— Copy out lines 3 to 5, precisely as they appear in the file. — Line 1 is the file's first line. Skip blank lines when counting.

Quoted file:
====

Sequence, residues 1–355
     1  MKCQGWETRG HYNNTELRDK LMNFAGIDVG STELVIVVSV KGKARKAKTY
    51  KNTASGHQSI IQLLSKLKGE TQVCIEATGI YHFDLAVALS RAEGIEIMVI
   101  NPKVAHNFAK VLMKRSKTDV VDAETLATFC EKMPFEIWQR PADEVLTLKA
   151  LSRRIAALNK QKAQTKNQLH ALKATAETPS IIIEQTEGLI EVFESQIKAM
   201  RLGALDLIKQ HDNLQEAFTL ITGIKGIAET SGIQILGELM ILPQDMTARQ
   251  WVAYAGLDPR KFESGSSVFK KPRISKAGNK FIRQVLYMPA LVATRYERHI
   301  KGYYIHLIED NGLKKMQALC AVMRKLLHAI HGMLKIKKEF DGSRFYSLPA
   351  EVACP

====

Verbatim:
    51  KNTASGHQSI IQLLSKLKGE TQVCIEATGI YHFDLAVALS RAEGIEIMVI
   101  NPKVAHNFAK VLMKRSKTDV VDAETLATFC EKMPFEIWQR PADEVLTLKA
   151  LSRRIAALNK QKAQTKNQLH ALKATAETPS IIIEQTEGLI EVFESQIKAM